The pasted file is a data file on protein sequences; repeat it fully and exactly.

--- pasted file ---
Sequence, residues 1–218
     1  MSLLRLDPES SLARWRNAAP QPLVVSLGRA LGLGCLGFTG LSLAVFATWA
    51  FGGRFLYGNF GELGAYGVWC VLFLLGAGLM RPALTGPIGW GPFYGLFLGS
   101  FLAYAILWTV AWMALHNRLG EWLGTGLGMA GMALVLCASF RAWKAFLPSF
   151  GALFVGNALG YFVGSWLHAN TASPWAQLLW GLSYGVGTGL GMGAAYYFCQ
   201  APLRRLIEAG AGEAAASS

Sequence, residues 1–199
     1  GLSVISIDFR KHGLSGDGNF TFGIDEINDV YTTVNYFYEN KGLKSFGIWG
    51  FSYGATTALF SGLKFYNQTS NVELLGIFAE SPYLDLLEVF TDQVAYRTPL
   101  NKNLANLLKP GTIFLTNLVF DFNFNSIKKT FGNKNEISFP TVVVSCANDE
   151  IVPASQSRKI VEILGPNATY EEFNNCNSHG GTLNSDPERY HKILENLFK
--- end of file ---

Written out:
Sequence, residues 1–218
     1  MSLLRLDPES SLARWRNAAP QPLVVSLGRA LGLGCLGFTG LSLAVFATWA
    51  FGGRFLYGNF GELGAYGVWC VLFLLGAGLM RPALTGPIGW GPFYGLFLGS
   101  FLAYAILWTV AWMALHNRLG EWLGTGLGMA GMALVLCASF RAWKAFLPSF
   151  GALFVGNALG YFVGSWLHAN TASPWAQLLW GLSYGVGTGL GMGAAYYFCQ
   201  APLRRLIEAG AGEAAASS

Sequence, residues 1–199
     1  GLSVISIDFR KHGLSGDGNF TFGIDEINDV YTTVNYFYEN KGLKSFGIWG
    51  FSYGATTALF SGLKFYNQTS NVELLGIFAE SPYLDLLEVF TDQVAYRTPL
   101  NKNLANLLKP GTIFLTNLVF DFNFNSIKKT FGNKNEISFP TVVVSCANDE
   151  IVPASQSRKI VEILGPNATY EEFNNCNSHG GTLNSDPERY HKILENLFK